Landmark Dental Benefit Act passes House of Commons final vote – so, what’s next?
Legislation for the Dental Benefit Act passed its final vote in the House of Commons last week with Liberal, NDP and Green support overcoming opposition from Conservatives and the Bloc Quebecois. Bill C-31 now moves to the Senate where it’s expected to pass quickly and receive Royal Assent.
On December 1, 500,000 children under 12 years old in families that earn less than $90k per year could qualify for payments of up to $650 per year in 2022-2023 and 2023-2024 for dental care through the Canada Revenue Agency. No receipts are required, and parents can receive funds in advance of dentist visits to avoid being out-of-pocket.
Bill C-31 is a welcome addition to our health care system, but the Dental Benefit Act is an interim step toward the much fuller and more comprehensive public dental program.
Under the terms of the Liberal-NDP deal signed by Prime Minister Justin Trudeau and NDP Leader Jagmeet Singh in March, 2022, Health Canada must continue to implement the public dental program described in the budget.
“Budget 2022 proposes to provide funding of $5.3 billion over five years, starting in 2022-23, and $1.7 billion ongoing, to Health Canada to provide dental care for Canadians. This will start with under 12-year-olds in 2022, and then expand to under 18-year-olds, seniors, and persons living with a disability in 2023, with full implementation by 2025. The program would be restricted to families with an income of less than $90,000 annually, with no co-pays for those under $70,000 annually in income.”Budget 2022
Interestingly, the new public dental program will be a federal program without cooperation from the provinces and territories.
The NDP agrees with the Liberals’ go-it-alone approach to avoid the new program becoming embroiled in federal-provincial wrangling over health care dollars, which might delay its implementation by 2025.
Even still, the party grew frustrated over the summer with the Liberals’ slow progress. When the government and Health Canada officials balked at the ambitious timeline in Budget 2022, NDP leader Jagmeet Singh went to the media to warn the NDP would withdraw its support of the government if the dental program did not roll out this year.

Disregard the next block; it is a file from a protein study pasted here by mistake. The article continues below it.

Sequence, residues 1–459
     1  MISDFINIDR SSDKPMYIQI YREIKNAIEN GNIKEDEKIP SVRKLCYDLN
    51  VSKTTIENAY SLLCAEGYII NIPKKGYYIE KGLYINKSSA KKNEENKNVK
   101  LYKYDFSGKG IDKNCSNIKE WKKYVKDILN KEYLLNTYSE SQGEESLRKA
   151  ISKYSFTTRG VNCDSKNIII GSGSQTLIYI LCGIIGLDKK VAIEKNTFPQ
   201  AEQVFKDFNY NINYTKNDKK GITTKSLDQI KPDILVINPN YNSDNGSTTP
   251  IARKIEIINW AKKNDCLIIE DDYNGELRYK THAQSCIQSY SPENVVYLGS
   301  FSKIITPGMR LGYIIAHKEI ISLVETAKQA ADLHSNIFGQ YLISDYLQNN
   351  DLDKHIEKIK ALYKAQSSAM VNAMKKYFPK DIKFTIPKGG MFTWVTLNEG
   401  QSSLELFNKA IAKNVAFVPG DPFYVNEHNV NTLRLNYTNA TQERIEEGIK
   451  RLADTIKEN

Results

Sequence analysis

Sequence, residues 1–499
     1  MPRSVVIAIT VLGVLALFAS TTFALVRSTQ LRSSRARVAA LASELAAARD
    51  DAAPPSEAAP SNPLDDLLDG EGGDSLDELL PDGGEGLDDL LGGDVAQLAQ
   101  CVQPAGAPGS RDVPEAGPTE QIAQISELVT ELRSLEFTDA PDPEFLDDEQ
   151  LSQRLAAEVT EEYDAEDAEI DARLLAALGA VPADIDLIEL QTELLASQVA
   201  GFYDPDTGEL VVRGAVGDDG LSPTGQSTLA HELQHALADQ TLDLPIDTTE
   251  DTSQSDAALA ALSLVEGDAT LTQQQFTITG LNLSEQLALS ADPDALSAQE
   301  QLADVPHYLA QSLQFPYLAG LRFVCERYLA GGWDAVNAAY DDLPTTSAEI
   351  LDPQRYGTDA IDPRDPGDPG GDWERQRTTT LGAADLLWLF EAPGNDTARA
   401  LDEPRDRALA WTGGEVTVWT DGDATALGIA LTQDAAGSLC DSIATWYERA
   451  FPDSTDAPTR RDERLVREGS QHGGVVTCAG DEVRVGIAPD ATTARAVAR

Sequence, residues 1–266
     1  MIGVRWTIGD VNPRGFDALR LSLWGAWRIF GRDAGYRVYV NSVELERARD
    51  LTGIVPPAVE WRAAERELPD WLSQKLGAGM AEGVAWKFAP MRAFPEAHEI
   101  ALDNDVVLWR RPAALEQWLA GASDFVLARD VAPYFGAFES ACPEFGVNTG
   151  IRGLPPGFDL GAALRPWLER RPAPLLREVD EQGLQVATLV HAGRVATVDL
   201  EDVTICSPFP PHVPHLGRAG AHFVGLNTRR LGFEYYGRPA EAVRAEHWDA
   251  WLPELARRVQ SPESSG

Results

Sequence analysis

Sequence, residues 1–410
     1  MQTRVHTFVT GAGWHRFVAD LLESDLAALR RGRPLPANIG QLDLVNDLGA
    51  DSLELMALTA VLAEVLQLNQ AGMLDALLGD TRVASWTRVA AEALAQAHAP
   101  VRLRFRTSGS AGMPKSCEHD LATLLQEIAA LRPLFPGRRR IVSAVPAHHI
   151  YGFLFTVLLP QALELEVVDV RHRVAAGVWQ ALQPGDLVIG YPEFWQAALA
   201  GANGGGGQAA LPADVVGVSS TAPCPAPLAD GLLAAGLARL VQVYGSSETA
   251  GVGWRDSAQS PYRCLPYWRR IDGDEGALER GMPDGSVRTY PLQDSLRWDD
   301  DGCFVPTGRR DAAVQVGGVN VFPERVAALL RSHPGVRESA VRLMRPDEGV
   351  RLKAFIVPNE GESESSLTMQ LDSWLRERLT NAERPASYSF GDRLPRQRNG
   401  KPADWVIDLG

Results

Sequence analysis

In a compromise, the parties agreed to the interim Dental Benefit Act contained in Bill C-31 as a bridge to the permanent program.
“It’s got to be the full, federally administered program by 2023,” Singh told CTV News. Health Minister Jean-Yves Duclos concurred with Singh when the legislation was introduced in Parliament, saying, “While this temporary benefit is in place, our government will be taking the necessary steps to build a comprehensive, longer-term dental care program.”
Our Dental Care program passed in Parliament!!— Jagmeet Singh (@theJagmeetSingh) October 28, 2022
The Conservatives fought us at every chance — but we didn’t stop pushing and we’re not done fighting. pic.twitter.com/6wyoM9KHwj
NDP Health Critic Don Davies MP (Vancouver Kingsway) told a webinar hosted by the Canadian Health Coalition in August there are several steps required to achieve the full dental program.
Health Canada must determine the scope of the coverage and eligibility, as well as hold a competition between private firms for the contract to run the program. Once awarded, the winning firm will need time to set up the system. Health Canada’s Procurement Department invited companies with experience in administering insurance claims to apply for pre-qualification on October 28, according to reports.
Recalling the WE charity sole-source contract scandal and the Phoenix payroll software disaster, Davies reminded webinar viewers the stakes are high.
The federal government already delivers four dental plans that are paid by public dollars. For example, the Non-Insured Health Benefits (NIHB) program provides nearly 900,000 registered First Nations and recognized Inuit with health benefits including prescription drugs, dental and vision care.
Davies said the contract with the private company to handle claims for the NIHB is worth $116-million over 8 years. The new public dental program will be much larger and cover between 7 and 9 million people, so it is important to ensure that the program is well-designed and there is a fair tendering process, he added.
Qualifying Canadians will have a federally-provided “Smile Canada” card to pay for a comprehensive range of procedures at their dentist’s office by the end of next year.
Davies said that he would like the program to be the same as visiting your doctor and folded into Medicare. “The NDP will not stop until we have every Canadian covered universally,” Davies added, but noted that change will happen incrementally.
The Canadian Health Coalition urged MPs at the Common Standing Committee on Finance to pass Bill C-31, which includes the Dental Benefit Act, and transform the benefit into a robust program for everyone in Canada, with universal coverage, as soon as possible.
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